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  17. V_K Arcane

    V_K
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    I agree, but I also think there should still be some non-combat challenge to overcome - and dialog choices just have none to them. I think Whispers of a Machine is a good example of such detective RPG - it's technically an Adventure game, but with some minor character development and moral choices (that impact character development), both of which affect what puzzles solutions become available. This way you can both have role-playing and challenge in an investigation scenario without any combat (well, technically, there is one shoot-out, but mechanically it's a puzzle).
     
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  18. Sranchammer Arcane

    Sranchammer
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    I'm Ridin' with Biden I'm Ridin' with Biden
    Thanks OP,

    I was going to pick this up next winter sale but I'm definitely waiting for 2022 now.
     
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  19. Harthwain Cipher

    Harthwain
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    That got me thinking...

    Usually when you're presented with a skill check you either succeed at it or you do not. Failure usually means you don't get what you want out of it. In life or death scenario it could literally be "You failed. Game over, man!" result. Conversely success means you accomplish something. It's very binary. In Disco Elysium there were situations where succeeding at a skill check wasn't actually rewarded and I had at least one situation where failing a skill check resulted in me getting what I wanted. In this regard I like what DE does - it goes away from straightforward (and somewhat boring) win-lose state into more interesting territory.

    There is also the matter of White Check and Red Checks. White Checks can be redone, by putting in an extra point to the skill (which also means that you aren't really "losing" anything, as that skill can come in handy later on). Red Checks encourage you to put extra effort into succeeding at something. I had one Red Check with the
    Show Spoiler
    corpse
    and I really, REALLY wanted to find out what was going on in there, so I made sure I got as high chance as possible in order to succeed, because I didn't want to reload (save-scumming kind of takes away from the experience and failure manages to be interesting on its own in Disco Elysium).

    What I think Disco shouldn't have done was allowing you to heal up your stress and health mid-conversation. Or even at all. Because doing so means you can pretty much ignore risks to your Health and Sanity. When I didn't know I could heal myself mid-conversation felt that being low on Health/Sanity was actually meaningful as I actively avoided doing something that'd lead me to losing that 1 HP point I had left for the day (and regaining that point via interactions felt rewarding). It had an impact. Once I knew I was pretty much safe, even when I was at my last point, the tension was gone.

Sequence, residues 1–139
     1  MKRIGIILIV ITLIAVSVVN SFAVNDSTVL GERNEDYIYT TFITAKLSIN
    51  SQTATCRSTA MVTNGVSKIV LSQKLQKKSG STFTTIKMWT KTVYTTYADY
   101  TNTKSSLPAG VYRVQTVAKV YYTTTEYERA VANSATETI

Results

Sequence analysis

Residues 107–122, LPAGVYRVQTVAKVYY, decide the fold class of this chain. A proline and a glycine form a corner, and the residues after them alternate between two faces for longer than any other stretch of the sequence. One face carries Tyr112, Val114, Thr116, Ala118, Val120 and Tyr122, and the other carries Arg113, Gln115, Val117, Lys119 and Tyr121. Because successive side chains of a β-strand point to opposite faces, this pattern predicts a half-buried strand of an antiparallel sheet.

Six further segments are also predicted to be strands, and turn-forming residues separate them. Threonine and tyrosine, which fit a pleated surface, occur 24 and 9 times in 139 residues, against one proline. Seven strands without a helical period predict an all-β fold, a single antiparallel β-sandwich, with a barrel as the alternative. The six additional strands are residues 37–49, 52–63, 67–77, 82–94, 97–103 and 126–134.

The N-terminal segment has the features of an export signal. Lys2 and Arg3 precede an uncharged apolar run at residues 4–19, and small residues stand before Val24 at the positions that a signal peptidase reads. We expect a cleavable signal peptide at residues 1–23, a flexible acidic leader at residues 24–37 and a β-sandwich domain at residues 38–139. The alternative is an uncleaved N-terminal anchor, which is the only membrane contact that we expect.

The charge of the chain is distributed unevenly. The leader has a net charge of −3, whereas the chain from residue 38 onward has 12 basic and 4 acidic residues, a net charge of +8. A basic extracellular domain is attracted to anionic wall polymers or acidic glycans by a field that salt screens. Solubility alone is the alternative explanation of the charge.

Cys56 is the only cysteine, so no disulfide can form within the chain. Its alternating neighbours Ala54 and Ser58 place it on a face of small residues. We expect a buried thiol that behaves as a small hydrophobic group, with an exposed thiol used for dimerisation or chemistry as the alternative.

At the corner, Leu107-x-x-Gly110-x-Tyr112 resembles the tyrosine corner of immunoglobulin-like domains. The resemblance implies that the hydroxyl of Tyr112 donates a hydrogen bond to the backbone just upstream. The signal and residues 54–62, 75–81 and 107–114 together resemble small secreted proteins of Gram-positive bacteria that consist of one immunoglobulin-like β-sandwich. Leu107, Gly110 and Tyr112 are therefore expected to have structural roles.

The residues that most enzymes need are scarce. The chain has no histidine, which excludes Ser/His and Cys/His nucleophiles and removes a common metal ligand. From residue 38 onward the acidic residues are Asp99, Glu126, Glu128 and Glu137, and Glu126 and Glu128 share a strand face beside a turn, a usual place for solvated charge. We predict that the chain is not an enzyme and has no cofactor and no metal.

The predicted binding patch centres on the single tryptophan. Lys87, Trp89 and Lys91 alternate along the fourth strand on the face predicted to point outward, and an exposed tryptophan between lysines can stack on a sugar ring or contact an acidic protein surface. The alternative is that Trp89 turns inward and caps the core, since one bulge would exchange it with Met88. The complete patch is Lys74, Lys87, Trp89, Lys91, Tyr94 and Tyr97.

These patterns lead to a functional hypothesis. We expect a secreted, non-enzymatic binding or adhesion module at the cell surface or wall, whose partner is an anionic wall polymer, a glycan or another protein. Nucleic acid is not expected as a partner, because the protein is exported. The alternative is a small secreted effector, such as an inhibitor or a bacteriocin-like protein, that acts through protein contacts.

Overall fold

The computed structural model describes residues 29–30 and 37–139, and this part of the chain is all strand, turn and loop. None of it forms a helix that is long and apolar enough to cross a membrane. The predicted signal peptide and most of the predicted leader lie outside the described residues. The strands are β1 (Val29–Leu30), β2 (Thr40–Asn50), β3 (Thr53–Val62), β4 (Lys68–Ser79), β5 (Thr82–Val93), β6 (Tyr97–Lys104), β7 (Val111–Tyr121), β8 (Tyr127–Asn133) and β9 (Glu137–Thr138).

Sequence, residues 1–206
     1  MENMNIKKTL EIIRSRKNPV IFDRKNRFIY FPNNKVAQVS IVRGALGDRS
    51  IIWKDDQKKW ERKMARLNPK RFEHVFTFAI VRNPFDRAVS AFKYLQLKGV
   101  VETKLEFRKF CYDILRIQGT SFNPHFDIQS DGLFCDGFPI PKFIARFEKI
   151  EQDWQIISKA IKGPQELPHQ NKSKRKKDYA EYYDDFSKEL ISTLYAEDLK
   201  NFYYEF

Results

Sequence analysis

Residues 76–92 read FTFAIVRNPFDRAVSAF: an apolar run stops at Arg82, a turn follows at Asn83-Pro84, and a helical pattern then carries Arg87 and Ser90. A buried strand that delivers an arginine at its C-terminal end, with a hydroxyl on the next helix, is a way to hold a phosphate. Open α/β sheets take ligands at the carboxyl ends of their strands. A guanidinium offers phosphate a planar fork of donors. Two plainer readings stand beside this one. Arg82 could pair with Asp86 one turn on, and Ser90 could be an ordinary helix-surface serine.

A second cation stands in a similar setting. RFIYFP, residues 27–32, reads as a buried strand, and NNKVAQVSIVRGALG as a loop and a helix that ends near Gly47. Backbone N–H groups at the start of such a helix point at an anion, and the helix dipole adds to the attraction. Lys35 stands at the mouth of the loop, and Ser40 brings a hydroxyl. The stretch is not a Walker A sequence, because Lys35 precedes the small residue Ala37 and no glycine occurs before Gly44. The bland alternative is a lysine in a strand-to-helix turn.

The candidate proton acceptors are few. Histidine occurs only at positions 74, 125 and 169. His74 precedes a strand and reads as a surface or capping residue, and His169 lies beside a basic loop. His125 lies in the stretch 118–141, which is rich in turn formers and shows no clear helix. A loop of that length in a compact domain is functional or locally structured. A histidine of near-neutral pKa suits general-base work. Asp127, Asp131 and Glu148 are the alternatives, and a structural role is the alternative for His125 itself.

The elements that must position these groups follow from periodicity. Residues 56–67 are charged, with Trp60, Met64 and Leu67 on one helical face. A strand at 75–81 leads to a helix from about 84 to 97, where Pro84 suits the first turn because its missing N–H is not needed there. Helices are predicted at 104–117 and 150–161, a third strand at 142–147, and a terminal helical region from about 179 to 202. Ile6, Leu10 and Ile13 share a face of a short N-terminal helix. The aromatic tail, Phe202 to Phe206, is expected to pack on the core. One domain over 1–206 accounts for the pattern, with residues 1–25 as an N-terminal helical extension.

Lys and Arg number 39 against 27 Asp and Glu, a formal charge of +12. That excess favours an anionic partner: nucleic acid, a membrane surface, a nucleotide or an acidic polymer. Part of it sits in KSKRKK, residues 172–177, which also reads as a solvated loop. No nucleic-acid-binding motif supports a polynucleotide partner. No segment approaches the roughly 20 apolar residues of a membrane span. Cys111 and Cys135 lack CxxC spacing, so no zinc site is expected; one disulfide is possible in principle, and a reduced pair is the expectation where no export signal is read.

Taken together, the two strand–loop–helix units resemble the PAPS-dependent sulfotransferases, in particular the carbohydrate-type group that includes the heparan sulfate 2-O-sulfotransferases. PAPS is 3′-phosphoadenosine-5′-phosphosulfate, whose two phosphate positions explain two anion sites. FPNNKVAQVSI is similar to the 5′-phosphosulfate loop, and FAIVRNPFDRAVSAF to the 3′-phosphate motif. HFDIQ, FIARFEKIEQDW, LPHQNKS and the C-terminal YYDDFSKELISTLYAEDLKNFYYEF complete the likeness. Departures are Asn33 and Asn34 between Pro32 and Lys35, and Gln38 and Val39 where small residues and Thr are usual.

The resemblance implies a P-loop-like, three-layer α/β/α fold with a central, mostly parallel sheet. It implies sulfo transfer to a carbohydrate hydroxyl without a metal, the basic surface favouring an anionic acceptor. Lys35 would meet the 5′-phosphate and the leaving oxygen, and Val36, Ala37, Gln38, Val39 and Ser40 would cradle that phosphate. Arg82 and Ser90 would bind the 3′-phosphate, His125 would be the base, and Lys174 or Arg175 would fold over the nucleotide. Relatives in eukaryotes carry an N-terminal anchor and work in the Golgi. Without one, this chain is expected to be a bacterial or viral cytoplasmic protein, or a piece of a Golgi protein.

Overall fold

Of course, the above would mean either getting rid of the stuff like chair - to not block out people who decided to go with atricious levels of Health/Sanity - or give them ways around that (for example, I think we should've had a choice to stand and damn the consequences).

    Still, I think Disco comes out very positively in terms of choices and consequences than most games.
     
    Last edited: Dec 19, 2019
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  20. Paul_cz Arcane

    Paul_cz
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    So I bought it due to hype at launch but haven't played it.

    Can anyone explain honestly if the writing is good and the socialist nonsense doesn't infect it?

    How do post-communist estonians become socialist anyway?
     
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  21. Saduj Arcane

    Saduj
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    If you are an insecure ideologue who feels uncomfortable outside your echo chamber, you’ll find something in the game to trigger you.

    If you’re a relatively rational human being, you’ll see that all political commentary in the game is tongue in cheek and there are no favorites being played.
     
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  22. Vibalist Arcane

    Vibalist
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    First reasonable post in this entire thread.

    People seem to forget that this game was made by a small team of developers who actually had the guts to do things their own way: They removed combat entirely (despite combat being the main draw of 98% of all games out there), they created a completely new setting (in an era where everything is based on existing IP's), went with a middle aged, white, alcoholic loser with a beer gut and the world's most ridiculous facial hair as their protagonist (which probably made at least 20% of potential buyers go "fuck that shit") and went text heavy in an age where the ADHD "if-I-don't-understand-it-within-five-minutes-I-give-up" kid is the primary customer. That alone is commendable. Is it enough to make DE good on its own merits? Of course not, but it says something about this forum that we will shit on absolutely everything, despite its objective qualities. Even if some developer made the 'perfect' RPG, you can be sure there'd be a thread similar to this one within a month, probably speculating about the game's 'hidden marxist leanings' or whatever.